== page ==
abstract     = {Why has there been a spate of debate and discussion on the matter pertaining to protection of names such as Champagne, Havana, Tequila, Basmati, and Darjeeling etc.? What are geographical indications and why does any dialogue at the international level on the issue result in a political and legal dead end? The aim of this research paper has not only been to follow these debates but also to analyse them in the context in which they arose. The basic purpose of geographical indications is to identify a product. It also carries with it a message from the producer to the consumer about the special characteristic and features attached to it. When used accurately, a geographical indication can constitute a valuable marketing tool for producers. Moreover, geographical indications constitute a useful tool for protecting traditional knowledge. There has been a long history of protecting geographical indications. Traditionally, several countries, especially in Europe have protected their geographical indications. However, protection and enforcement was regional and sporadic. Even while earlier multilateral treaties involving geographical indications have existed, the TRIPS Agreement seeks to establish standards and norms, it introduces a new category of intellectual property rights - geographical indications. In its introductory paragraphs the paper examines the link between human rights and intellectual property law. The author attempts to establish that economic rights are recognised human rights and thus any international legal instrument that would affect economic rights by way harmonising intellectual property law must take into account the human rights perspective. Any study relating to geographical indications, will necessarily have to take into account the TRIPS Agreement and the politics leading up to the negotiations resulting in the final acceptance of the Agreement. Chapter 2 of the paper discusses the importance of the TRIPS Agreement in the intellectual property rights arena and effectiveness of implementation of the Agreement in various jurisdictions. Chapter 3 focuses on the definitions and concepts that are closely related to geographical indications. The elements of concepts such as ''indications of source'' and ''appellation of origin'' are dealt with in the context of the legal instruments in which they find mention. Chapter 4 broadly surveys the spectrum of multilateral protection of geographical indications prior to the TRIPS Agreement. The Paris Convention, The Madrid Agreement and The Lisbon Agreement are the international legal instruments that have been scrutinised in relation to the protection that they provided for geographical indications. The discussion also focuses on the limitations of each of these instruments, thus leading up to incorporation of geographical indications under the TRIPS Agreement. Chapter 5 makes a brief mention of bilateral and regional agreements relating to geographical indications. Chapter 6 examines the gamut of geographical indications protection under the TRIPS Agreement. Describing the negotiations process and the basic drafting proposals from several WTO Member States, the final compromise text that was adopted, the chapter gradually leads up to the elements of definition of a geographical indication under the Agreement. This is followed by a detailed discussion on the minimum standards of protection for all products under Article 22 of the TRIPS Agreement. Chapter 7 reviews the additional protection accorded to wines and spirits under the TRIPS Agreement. Much of the controversy surrounding geographical indications is focused on this issue and the interpretation of Articles 23 and 24 of the Agreement. This chapter also analyses the exceptions to the obligation of Member States towards the providing for protection of geographical indications. The chapter also includes a discussion on the issues for future negotiations, incorporating the talks concerning establishment of a multilateral system of notification and registration as well as the various proposals put forward under the subject. Chapter 8 explains the link between protection of geographical indications and developing countries. In this context the connection between geographical indications and traditional knowledge is explored. The chapter also includes a specific study of the law relating to protection of geographical indications in India. Further, in an attempt to evaluate the practical realities of geographical indications protection, this chapter includes two case studies. The case studies relate to protection of two geographical indications, namely Basmati rice and Darjeeling tea and the efforts of the Indian government in protecting and enforcing them as such in several jurisdictions. Lastly, the conclusion is an endeavour to reflect upon unresolved issues within the TRIPS Council as well as among the Member States. By highlighting the unjustified imbalance within the TRIPS Agreement the author finally concludes that unless the imbalance is set right, the implementation of the TRIPS Agreement, especially in relation to geographical indications protection is in a rather precarious position. Significant amount of information for this paper has been collected by means of secondary research through published works by way of books, articles in law journals, newspapers etc. Substantial material has also been collected through published works on the internet. Some of the materials and information in the section relating to protection of Indian geographical indications are confidential and the author has access to this material only by virtue of working with K&amp&semicS Partners, the law firm that represent the government of India in protecting its geographical indications worldwide. Materials and ideas from other sources have been duly acknowledged. Lastly, while this paper is an attempt to examine the history, politics and the law relating to geographical indications - protection and enforcement, the issues discussed and the extent of debate and deliberation is merely illustrative of the controversy and in no manner claims to be exhaustive.},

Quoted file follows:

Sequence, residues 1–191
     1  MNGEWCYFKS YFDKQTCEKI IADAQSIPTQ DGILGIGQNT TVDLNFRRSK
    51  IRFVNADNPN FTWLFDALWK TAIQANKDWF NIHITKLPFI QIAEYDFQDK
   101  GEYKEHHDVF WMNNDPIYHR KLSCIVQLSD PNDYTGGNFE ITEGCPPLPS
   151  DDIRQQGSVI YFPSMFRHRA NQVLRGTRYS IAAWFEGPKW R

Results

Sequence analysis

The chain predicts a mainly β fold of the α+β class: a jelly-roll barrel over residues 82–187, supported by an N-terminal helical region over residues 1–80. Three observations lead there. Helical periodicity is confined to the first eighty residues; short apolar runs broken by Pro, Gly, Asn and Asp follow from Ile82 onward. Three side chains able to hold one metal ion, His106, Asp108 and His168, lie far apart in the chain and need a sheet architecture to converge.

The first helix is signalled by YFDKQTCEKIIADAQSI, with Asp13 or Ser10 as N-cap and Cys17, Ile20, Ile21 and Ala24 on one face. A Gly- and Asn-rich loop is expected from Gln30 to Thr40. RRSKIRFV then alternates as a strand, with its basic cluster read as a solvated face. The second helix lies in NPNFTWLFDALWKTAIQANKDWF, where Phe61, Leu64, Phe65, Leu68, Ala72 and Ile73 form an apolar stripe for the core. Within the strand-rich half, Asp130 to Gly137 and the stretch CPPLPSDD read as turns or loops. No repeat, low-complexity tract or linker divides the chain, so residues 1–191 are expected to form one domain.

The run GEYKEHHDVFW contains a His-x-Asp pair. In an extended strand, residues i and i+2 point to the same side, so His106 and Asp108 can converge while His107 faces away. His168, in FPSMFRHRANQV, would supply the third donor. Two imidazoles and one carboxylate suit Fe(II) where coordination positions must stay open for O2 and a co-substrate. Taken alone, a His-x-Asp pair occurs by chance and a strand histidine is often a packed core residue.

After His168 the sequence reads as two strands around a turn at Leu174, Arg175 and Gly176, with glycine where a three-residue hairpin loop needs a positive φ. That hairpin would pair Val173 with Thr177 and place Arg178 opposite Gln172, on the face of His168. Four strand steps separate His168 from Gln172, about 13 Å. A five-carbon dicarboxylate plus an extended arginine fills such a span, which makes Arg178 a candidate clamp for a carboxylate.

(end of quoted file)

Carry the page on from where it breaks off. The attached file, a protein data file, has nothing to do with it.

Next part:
author       = {Naik, Vasundhara},
  keyword      = {Human Rights Law and Intellectual Property Rights},
  language     = {eng},
  note         = {Student Paper},
  title        = {Inequity of Harmonisation: TRIPS & Geographical Indications},
  year         = {2003},
}